Freda has been active in her local community, however, and has frequently raised money for a local children’s charity, despite never having any children of her own.

Arthur has lived with a diagnosis of dementia for 5 years. He has regularly seen doctors and faced his illness with admirable stoicism.

Arthur appears to accept his lot in life despite having some episodes of illness that have set him back considerably. The last episode resulted in him returning from hospital and requiring regular nursing input to keep him stable. His mental faculties are good when he is at his best but this is highly dependent on his physical state and he can be very confused when he is tired or ill.

Arthur is very protective of Freda and does not feel she should be burdened with household duties he views as being his role, including their financial affairs. He does accept that at some point she may need to do this but is putting off making any decisions at the present time. Freda does not feel confident about broaching the subject with Arthur, not wishing to increase his stress levels.

Arthur and Freda have a specific problem: Arthur either does not understand or is finding it difficult to admit that he has lost some of his skills. This is not uncommon in early stage dementia.

It is dangerous enough in the context of managing financial affairs but it can become a more immediately urgent problem in people who want to drive or to work with dangerous equipment, at a stage when it is actively dangerous for example.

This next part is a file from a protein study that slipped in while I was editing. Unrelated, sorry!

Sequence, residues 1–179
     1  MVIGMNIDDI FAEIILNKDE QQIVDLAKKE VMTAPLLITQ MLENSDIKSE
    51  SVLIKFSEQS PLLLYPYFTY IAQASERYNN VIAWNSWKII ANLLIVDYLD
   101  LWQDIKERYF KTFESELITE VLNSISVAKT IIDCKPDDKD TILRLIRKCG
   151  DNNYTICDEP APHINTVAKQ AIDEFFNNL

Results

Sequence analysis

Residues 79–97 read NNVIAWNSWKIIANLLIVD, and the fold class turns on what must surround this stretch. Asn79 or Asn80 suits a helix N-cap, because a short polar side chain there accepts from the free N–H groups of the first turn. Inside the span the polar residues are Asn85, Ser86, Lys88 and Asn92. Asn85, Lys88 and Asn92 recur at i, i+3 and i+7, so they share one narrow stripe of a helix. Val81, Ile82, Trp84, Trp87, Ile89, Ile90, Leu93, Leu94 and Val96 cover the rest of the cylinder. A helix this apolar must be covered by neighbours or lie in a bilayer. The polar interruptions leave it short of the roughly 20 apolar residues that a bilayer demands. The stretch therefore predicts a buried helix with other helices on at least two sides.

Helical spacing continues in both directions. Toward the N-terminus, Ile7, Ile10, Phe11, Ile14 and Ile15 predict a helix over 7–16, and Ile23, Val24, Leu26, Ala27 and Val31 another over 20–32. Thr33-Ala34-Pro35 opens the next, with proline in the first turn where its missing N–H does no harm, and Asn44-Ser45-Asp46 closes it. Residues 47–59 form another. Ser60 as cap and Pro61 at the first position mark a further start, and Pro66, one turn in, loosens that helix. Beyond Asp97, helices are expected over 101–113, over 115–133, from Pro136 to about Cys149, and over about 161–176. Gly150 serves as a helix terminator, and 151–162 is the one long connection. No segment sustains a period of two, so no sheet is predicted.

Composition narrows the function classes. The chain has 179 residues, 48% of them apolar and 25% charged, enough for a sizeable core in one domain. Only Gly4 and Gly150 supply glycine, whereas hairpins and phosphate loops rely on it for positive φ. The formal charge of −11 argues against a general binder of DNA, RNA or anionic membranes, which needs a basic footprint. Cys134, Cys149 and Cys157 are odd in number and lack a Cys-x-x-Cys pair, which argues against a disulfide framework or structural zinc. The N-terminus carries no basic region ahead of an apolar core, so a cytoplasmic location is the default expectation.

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Freda is clearly sympathetic in her relationship with her husband and will probably not have much trouble in understanding how difficult it might be to acknowledge or admit loss of skills in areas where Arthur has been strong during the course of their marriage.

It is unsurprising both that Arthur may want to avoid thinking about the loss of an ability that he valued, that he may feel Freda will struggle to cope – and that he doesn’t want to lose an ability to give some reciprocal help to Freda when she gives so much help to him.

However, Freda and Arthur have little real choice: the situation will have to be managed. Freda, a mutual friend or someone who Arthur respects (or any combination of the three) will need to find the right time and the right environment in which to talk to Arthur about the problem.

They will have to be gentle in their approach and allow Arthur to speak about his feelings. They might try to find some other area in which Arthur can help Freda, and suggest people who might be able to help if Freda finds it difficult to cope.

It might also be an appropriate time to talk to Arthur about granting Lasting Power of Attorney for the future – an arrangement for ensuring that responsibility for various life areas (including finances and management of property) will be transferred to a trusted individual if it becomes necessary.

It will be important to accept that Arthur may need time to think about the issues and that he must make his own decisions: he will feel better about having to relinquish responsibilities if he does and might well resent it if he feels he has been pressured.

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